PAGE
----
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Ocean, The: Anthropocentric

As has been the formula for The Ocean the past few years, they have released two CDs in the same year, and the latest Anthropocentric couldn't be any more different than Heliocentric. Heliocentric was more of an atmospheric affair that showed off the bands progressive & orchestral side, while Anthropocentric see The Ocean return to thunderous flavors while still retaining their progressive and experimental edge.

The opening title track lets you know exactly where this album is going to take you, as this near 10 minute epic kicks off with mountains of boooming sludge-ridden metal angst before settling into a melodic and quite textured pace that probably would please most fans of Opeth or Mastodon. A mix of heavy doom riffs and jangly psychedelic chords permeate the crushing " The Grand Inquisitor I: Karamazov Baseness", as the band sounds like a weird cross between Isis and Fear Factory, and they churn out plenty of bombastic extreme metal on the cyber-metal of "She was the Universe". Lead vocalist Loc Rossetti does a great job here delivering awesome growls & bellows as well as highly melodic clean passages, usually changing things up on each and every track for plenty of variety. He's all over the place on the quite complex "The Grand Inquisitor II: Roots and Locusts", a piece that also features some dazzling guitar, drum, & bass work, and unleashes some fierce metalcore screams on the rampaging "Heaven TV". Interesting thing to see the band throw in a mellow post rock instrumental here in the form of "Wille Zum Untergang", a minimalistic approach to say the least that is probably 3 minutes too long, but you have to give the band credit for trying something different.

Overall, Anthropocentric is a pretty diverse affair, containing some crushing metal, technical prog, some jazzy bits, post rock, and of course doom/sludge. Fans who were somewhat put off by the melodic & orchestral Heliocentric will be happy to know that The Ocean haven't abandoned what got them to the game in the first place.


Track Listing
1. Anthropocentric 9:24
2. The Grand Inquisitor I: Karamazov Baseness 5:02
3. She was the Universe 5:39
4. For He that Wavereth... 2:06
5. The Grand Inquisitor II: Roots and Locusts 6:33
6. The Grand Inquisitor III: A Tiny Grain of Faith 1:55
7. Sewers of the Soul 3:44
8. Wille Zum Untergang 6:02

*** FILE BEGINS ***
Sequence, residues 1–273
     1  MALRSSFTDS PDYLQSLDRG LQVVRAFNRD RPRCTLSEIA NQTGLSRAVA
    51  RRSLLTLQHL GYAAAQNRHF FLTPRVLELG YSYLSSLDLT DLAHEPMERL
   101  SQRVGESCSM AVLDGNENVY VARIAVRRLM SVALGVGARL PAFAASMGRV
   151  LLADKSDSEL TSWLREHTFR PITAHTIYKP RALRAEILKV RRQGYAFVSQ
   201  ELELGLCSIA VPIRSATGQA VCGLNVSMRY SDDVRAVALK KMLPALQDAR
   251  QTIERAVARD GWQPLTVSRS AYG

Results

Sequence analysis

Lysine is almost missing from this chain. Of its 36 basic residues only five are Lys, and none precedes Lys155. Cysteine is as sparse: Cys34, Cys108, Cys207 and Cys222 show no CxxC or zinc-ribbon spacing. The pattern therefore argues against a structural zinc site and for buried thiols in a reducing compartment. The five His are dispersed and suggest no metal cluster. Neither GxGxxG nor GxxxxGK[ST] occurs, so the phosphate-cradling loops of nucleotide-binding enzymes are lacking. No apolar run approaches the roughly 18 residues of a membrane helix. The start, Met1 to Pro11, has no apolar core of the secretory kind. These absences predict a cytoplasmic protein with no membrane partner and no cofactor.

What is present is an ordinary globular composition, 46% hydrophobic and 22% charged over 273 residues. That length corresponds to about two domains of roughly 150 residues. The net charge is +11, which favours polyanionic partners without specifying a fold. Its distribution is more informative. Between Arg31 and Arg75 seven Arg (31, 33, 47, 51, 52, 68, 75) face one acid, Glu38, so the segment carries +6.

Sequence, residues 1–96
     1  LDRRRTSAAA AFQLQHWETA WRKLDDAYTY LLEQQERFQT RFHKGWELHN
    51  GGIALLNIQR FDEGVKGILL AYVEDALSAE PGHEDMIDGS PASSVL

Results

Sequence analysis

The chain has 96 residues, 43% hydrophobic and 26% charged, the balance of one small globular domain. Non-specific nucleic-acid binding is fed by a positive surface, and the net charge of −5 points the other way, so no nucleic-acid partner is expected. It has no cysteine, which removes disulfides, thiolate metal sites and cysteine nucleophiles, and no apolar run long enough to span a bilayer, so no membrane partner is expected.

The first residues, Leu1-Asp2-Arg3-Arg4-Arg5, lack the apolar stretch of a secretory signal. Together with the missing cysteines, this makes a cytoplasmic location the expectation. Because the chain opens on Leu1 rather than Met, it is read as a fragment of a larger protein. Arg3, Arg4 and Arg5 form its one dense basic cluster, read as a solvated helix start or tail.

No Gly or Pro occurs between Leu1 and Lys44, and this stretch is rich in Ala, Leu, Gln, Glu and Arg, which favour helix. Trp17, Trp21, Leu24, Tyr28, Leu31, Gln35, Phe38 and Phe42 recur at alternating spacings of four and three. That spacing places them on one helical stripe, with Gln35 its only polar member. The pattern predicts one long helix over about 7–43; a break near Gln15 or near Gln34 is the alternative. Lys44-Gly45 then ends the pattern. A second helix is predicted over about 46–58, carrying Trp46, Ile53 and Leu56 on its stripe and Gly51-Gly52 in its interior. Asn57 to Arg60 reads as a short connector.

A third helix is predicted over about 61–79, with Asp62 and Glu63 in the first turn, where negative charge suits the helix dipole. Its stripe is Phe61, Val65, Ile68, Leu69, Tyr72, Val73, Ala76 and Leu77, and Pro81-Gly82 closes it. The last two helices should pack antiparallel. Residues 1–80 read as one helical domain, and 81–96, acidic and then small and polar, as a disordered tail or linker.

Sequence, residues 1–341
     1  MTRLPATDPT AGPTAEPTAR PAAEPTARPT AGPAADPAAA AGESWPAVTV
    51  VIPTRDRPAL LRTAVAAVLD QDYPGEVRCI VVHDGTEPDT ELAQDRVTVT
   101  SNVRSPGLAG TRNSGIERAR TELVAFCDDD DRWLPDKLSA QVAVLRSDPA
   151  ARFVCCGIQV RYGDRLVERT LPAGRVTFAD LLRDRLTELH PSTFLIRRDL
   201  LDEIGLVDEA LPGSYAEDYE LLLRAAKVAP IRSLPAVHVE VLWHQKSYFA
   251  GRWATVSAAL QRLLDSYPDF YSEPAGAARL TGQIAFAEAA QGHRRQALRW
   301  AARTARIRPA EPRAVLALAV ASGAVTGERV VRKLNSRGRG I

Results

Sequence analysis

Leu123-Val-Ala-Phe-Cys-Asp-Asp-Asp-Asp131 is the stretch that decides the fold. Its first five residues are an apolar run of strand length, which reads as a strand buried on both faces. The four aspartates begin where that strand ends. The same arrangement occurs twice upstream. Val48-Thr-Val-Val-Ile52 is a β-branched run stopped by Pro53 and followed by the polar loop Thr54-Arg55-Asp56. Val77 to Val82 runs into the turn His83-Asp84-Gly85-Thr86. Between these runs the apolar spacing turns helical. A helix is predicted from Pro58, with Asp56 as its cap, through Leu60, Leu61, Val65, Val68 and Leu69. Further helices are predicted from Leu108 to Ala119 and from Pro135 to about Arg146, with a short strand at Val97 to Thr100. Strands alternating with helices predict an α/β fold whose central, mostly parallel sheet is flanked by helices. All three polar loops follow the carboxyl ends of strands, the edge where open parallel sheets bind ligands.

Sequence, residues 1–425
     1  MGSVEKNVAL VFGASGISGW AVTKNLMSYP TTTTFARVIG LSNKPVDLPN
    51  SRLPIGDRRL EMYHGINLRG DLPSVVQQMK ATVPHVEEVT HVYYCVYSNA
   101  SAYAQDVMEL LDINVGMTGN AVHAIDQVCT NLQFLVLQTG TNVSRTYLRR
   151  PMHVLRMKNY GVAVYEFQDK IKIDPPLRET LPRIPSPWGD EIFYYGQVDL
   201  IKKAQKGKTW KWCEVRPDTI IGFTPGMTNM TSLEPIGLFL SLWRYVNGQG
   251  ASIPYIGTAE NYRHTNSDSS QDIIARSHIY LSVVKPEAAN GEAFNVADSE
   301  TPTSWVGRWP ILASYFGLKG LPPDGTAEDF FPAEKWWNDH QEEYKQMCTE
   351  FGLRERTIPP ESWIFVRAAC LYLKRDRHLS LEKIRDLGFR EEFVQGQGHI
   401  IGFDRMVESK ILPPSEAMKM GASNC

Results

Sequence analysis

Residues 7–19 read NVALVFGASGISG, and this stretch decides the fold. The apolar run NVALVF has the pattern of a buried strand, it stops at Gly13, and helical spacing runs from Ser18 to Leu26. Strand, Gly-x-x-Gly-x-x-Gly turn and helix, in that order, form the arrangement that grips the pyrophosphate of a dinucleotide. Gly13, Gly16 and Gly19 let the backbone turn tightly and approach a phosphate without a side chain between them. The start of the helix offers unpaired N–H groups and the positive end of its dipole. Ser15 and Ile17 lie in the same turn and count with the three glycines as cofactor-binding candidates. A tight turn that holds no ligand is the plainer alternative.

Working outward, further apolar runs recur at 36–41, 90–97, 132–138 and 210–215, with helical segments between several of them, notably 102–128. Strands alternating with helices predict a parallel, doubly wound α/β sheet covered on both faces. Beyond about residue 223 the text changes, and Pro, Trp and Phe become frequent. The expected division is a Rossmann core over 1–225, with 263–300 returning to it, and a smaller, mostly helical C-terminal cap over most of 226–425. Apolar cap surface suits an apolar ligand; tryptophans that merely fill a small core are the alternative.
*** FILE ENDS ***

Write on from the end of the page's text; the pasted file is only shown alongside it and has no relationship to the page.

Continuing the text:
9. Heaven TV 5:03
10. The Almightiness Contradiction 4:34

Added: December 17th 2010
Reviewer: Pete Pardo
Score:
Related Link: Band MySpace
Hits: 1853
Language: english

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Ocean, The: Anthropocentric
Posted by Jeff B, SoT Staff Writer on 2010-12-17 15:43:02
My Score:

The Almightiness Contradiction

Anthropocentric is the perfect definition of a hit-and-miss album for me. There are some huge "hits" that border on masterpiece status, yet there is a decent portion of music here that just fails to capture me in any way. Not because it's bad - if you're a fan of The Ocean, you should love this entire album. The issue here is mainly just a feeling of inconsistency - the mellow post rock and progressive metal sections are very inspired and enjoyable, whereas the post-hardcore sections leave me cold. Although many will disagree with me, I wholeheartedly believe that The Ocean is much better when playing softer music. The Opeth-influenced heavy/light contrasts are something that these guys just can't quite pull off without a slightly awkward atmosphere. It's really a shame, considering all of the fantastic moments on Anthropocentric. If you're a fan of The Ocean or experimental sludge/post metal in general, this is still more than worth an acquisition.

The sound here is experimental/progressive sludge-oriented post metal/hardcore (which is quite a mouthful, to say the least). There are plenty of influences from the post metal scene, as well as bands like Mastodon and even Opeth (mainly in the song structures). The mellow post rock/metal sections are the ones I find myself enjoying the most here - a song like "The Almightiness Contradiction" and "Willie Zum Undertang" is a perfect example of how amazing The Ocean can be. Unfortunately, heavier songs like "Sewers of the Soul" drag down my experience significantly. I enjoy heavy music, but The Ocean sounds a bit uninspired when playing hardcore sections. With that said, almost every song has a few redeemable qualities. Even "Sewers of the Soul" (my least favorite song here) has a solid guitar solo that brings the rest of the song up from pure mediocrity. Another big asset to Anthropocentric is the fantastic musicianship - The Ocean is an extremely tight playing unit, boasting some of the best musicianship in the genre. The two guitarists (Robin Staps and Jonathan Nido) are especially notable, mainly due their terrific guitar harmonies. In a song like "Willie Zum Undertang" it's clear how beautifully these guys can play. The vocals are a bit of a mixed bag for me, but they are always professional and well-done.

The production is great. Anthropocentric sounds absolutely wonderful. Everything sounds clean and crisp - I especially have to applaud the terrific sound of the drums.

Conclusion:

Although I can't say that Anthropocentric is an album that really amazed me, calling it anything less than high-quality would be a lie. I find myself enjoying the softer parts the most, but that's not to say that the heavier sections are poorly made. Fans of The Ocean will adore this album, and I also enjoy it to some extent. For an album that is high-quality, will satisfy the band's fanbase, and attract new fans, 3.5 stars are well deserved. Though far from essential, this still comes as a recommended purchase for post metal fans.



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